Steady Income from Volatile Sources

Sudden sell-offs can be scary, but the income side of income investing delivers reliably.

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Even investors who emphasize a flow of spendable cash and don't trade much tell me they hate volatile prices for their income-oriented securities. I'm with you, because I also dislike seeing sudden and scary sell-offs in yield-centric portfolio staples such as real estate investment trusts, oil-and-gas partnerships and dividend stocks. But the top priority for income seekers should be maximum assurance that interest and dividends will arrive in full and on time. And fortunately, despite the volatile market action of late, the income side of income investing (stock dividends and bond interest payments) remains reliable.

Dividend cuts and debt defaults are largely limited to cases of fraud or mismanagement. Bonds have regained some of the value they lost earlier in the year as medium- and long-term interest rates–notably the yield on 10-year Treasuries–have retreated amid renewed heavy demand, including by individuals pouring money into fixed-income mutual funds and exchange-traded funds. (Prices and yields move in opposite directions.) It's true that certain income investments look crazy expensive. Boeing (symbol BA, $339, yield 2%) has raised dividends 88% since 2015 to become as much a primo cash cow as a (now) high-flying industrial stock. That's helped double the price of the shares since then and sent the price-earnings ratio to nearly 25 times estimated earnings for the next 12 months. (Prices, yields and other data in this column are through April 20.)

Look beyond price. However, the price of the stock isn't always as important as the timely payment of interest and dividends. And that service is not suffering at all from the wild and woolly behavior of share prices.

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Here's an analogy: When a Boeing 767 takes off from New York City for San Francisco, the travelers might have paid anywhere from roughly $120 to $1,200 for their tickets. Yet all expect to arrive safely and at the same time (whether on schedule or late). Similarly, when Boeing pays close to $1 billion to its stockholders in March, June, September and December, some payees will have an average cost of $75 a share, for others it will be $175, and for a handful it will be more than the current share price. But everyone will get the same $1.71-per-share dividend.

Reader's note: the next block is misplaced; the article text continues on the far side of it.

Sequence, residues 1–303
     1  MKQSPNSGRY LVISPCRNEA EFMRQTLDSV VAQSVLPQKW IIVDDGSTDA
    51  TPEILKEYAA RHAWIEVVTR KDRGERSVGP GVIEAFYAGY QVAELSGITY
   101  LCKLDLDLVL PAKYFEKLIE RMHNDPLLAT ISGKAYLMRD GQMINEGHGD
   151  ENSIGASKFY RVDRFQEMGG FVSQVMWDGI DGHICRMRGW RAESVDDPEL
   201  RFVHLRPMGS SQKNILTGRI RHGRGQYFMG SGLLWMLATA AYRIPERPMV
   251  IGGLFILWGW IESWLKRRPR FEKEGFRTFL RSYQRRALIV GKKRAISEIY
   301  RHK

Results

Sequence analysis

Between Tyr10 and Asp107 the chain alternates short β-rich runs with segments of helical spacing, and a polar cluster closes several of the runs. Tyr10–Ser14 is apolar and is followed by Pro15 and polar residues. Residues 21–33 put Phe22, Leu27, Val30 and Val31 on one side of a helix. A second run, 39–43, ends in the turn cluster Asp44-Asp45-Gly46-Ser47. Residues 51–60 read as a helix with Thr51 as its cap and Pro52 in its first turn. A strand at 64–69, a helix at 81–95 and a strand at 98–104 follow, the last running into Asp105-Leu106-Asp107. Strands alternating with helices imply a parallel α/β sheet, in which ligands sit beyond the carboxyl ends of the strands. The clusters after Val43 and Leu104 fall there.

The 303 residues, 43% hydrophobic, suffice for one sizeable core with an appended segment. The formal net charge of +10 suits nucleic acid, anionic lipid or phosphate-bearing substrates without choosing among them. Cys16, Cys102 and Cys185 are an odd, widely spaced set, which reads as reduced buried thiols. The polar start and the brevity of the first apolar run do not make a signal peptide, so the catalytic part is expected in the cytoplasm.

Although Boeing might not always be able to raise dividends by leaps and bounds–and its price is at risk on any given day due to fears of escalating trade tensions–I urge you to stay aboard for the high and safe income. Among other virtues, Boeing generates $11.7 billion of free cash flow annually–enough to cover its $3.4 billion dividend tab several times over.

Boeing is but one example among many. The same rationale applies to AT&T (T, $35, 5.8%) and Verizon (VZ, $48, 4.9%), which pay out a combined $21 billion a year. Both companies can easily afford it, and the stocks are obvious keepers. Their shares have been up and down (mostly down of late), but that has no effect on the safety and constancy of the dividend payments. (For more income investing ideas, see Earn Up to 11%.)

All told, in a messy first quarter, 948 U.S. companies raised dividends, with an average hike of 7.6% from the first quarter of 2017. There were just 167 cuts or suspensions.

Most bond strategists I talk to don't believe that wild trading imperils your coupon payments, either. Robert Tipp, of the Prudential Insurance Company's massive bond-investment arm, is advising clients to stay the course as "a lot of this noise blows over." If you study the charts and the indexes, stock and bond prices are largely where they began this year, despite the occasional huge drops in the Dow Jones industrial average. Buying on the dips still makes sense. In March, REITs and utilities recovered much of what they lost in January and February. So for now, continue cashing your checks, hold on to what pays on schedule, and enjoy your summer.

Jeffrey R. Kosnett
Senior Editor, Kiplinger's Personal Finance
Kosnett is the editor of Kiplinger's Investing for Income and writes the "Cash in Hand" column for Kiplinger's Personal Finance. He is an income-investing expert who covers bonds, real estate investment trusts, oil and gas income deals, dividend stocks and anything else that pays interest and dividends. He joined Kiplinger in 1981 after six years in newspapers, including the Baltimore Sun. He is a 1976 journalism graduate from the Medill School at Northwestern University and completed an executive program at the Carnegie-Mellon University business school in 1978.